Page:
Fallout researcher Christina Consolo told RT that the removal of 1,300 fuel rods from the disabled Fukushima Nuclear Power Plant, could result in a disaster.
The situation poses a monumental challenge to TEPCO, the Tokyo company contracted to do the clean-up. There are 400 tons of the rods stored in a pool inside of reactor number 4. They must be removed manually from the top of the reactor which has an environment filled with high radioactivity.
Consolo, who is the founder of ‘Nuked Radio’ says that the slightest mishap with a single rod could cause an above ground meltdown with disastrous results and no way to control it. The end result could be millions of deaths.
But she points out that maintaining the status quo could have the same results.
“Although fuel rod removal happens on a daily basis at the 430+ nuclear sites around the world, it is a very delicate procedure even under the best of circumstances. What makes fuel removal at Fukushima so dangerous and complex is that it will be attempted on a fuel pool whose integrity has been severely compromised. However, it must be attempted as Reactor 4 has the most significant problems structurally, and this pool is on the top floor of the building,” said Consolo.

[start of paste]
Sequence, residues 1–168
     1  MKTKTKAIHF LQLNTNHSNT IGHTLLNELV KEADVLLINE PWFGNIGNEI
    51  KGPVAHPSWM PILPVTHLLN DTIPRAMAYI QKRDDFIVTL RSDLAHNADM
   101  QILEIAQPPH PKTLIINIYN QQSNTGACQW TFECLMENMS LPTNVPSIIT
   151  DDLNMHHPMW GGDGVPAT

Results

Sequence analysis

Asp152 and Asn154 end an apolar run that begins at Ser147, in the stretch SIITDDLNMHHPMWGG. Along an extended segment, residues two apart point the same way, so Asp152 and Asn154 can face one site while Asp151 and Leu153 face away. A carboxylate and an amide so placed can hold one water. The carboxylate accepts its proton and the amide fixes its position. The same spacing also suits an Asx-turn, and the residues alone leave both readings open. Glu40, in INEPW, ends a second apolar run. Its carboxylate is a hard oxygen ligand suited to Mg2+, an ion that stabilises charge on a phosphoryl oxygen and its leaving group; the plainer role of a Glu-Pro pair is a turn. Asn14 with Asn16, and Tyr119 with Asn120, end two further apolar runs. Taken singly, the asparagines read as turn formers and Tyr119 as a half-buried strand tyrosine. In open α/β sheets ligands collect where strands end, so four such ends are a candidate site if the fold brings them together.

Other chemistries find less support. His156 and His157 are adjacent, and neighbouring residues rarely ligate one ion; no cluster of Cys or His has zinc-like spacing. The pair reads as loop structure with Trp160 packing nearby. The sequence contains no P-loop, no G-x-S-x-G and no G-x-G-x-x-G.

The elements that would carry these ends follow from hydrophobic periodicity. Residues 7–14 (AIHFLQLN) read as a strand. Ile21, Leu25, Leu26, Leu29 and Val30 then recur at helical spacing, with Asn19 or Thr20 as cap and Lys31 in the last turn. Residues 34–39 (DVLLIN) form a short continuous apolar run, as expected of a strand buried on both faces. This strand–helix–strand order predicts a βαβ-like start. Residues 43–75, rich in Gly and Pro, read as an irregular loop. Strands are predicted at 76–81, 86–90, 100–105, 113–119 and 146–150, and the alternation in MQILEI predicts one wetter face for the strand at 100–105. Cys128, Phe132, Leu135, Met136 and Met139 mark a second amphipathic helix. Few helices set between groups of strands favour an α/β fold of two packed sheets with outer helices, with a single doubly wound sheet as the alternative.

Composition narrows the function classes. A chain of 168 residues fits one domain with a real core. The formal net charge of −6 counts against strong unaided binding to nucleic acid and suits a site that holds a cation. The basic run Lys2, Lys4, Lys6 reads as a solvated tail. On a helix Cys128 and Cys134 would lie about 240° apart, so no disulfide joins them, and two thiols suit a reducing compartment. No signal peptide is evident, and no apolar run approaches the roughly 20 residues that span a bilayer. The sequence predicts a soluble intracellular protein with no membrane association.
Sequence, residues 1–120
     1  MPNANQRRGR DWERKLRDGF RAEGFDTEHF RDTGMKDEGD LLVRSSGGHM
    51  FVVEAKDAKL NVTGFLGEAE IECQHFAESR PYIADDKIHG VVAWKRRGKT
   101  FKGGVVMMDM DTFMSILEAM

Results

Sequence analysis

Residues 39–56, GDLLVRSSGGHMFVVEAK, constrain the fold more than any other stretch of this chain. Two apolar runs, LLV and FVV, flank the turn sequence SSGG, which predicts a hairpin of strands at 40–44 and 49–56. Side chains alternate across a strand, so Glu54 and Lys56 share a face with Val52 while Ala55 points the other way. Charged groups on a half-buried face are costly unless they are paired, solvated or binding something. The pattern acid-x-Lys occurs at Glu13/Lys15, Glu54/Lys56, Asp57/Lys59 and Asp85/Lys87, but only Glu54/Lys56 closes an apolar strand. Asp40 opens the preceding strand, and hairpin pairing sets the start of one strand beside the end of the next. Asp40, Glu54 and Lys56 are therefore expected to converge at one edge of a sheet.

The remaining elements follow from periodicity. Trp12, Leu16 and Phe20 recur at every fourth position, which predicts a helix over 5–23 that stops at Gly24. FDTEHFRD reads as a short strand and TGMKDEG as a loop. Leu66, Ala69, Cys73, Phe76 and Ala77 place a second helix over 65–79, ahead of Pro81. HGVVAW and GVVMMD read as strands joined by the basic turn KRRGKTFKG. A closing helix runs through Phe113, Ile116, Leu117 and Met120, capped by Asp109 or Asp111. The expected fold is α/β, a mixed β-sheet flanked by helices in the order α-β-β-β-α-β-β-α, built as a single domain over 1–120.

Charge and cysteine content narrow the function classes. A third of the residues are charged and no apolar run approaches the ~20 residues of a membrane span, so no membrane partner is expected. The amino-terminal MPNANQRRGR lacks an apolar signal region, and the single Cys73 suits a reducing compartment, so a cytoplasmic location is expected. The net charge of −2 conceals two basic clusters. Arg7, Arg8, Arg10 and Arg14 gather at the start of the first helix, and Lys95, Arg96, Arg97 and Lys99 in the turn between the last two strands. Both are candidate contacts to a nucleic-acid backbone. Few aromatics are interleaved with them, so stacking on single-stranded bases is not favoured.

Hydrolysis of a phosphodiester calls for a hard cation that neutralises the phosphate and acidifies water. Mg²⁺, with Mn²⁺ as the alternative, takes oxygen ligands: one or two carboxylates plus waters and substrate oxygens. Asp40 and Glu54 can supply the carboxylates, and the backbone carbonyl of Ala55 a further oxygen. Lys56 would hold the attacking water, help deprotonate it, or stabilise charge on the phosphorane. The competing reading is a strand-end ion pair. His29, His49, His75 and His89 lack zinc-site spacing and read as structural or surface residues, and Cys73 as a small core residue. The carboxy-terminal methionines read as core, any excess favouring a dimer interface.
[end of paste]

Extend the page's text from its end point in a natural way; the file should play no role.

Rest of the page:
Other problems have increased the difficulty of the process. The racks which hold the rods were damaged in the explosion. There is no way to know how damaged the walls of the pool may be, or to what extent the rods may be corroded until they are removed. In addition, the cranes formerly used to lift the rods were destroyed when the plant exploded after the tsunami.
Each rod must be removed individually by a team of humans, who will be working in an extremely dangerous environment. Mishandling of a single rod could cause a chain reaction between all 1,300, creating a nuclear accident that could not be stopped.
Reactor number 4 is sinking. There have been attempts to remove the ground water inside the structure which in itself is radioactive and is contaminating the ocean and the shoreline.
When Consolo was asked what the most serious complication could be, she said: “The most serious complication would be anything that leads to a nuclear chain reaction. And as outlined above, there are many different ways this could occur. In a fuel pool containing damaged rods and racks, it could potentially start up on its own at anytime. TEPCO has been incredibly lucky that this hasn’t happened so far.”
She says that this clean-up process is far more difficult than Chernobyl or when Fukushima originally suffered its damage in 2011. The problems have been exacerbated because of ‘temporary fixes’ over the past two years.
She further says that this job will be the most difficult and the most important ever attempted by men.
It is simple to understand why Fukushima is a looming nuclear disaster.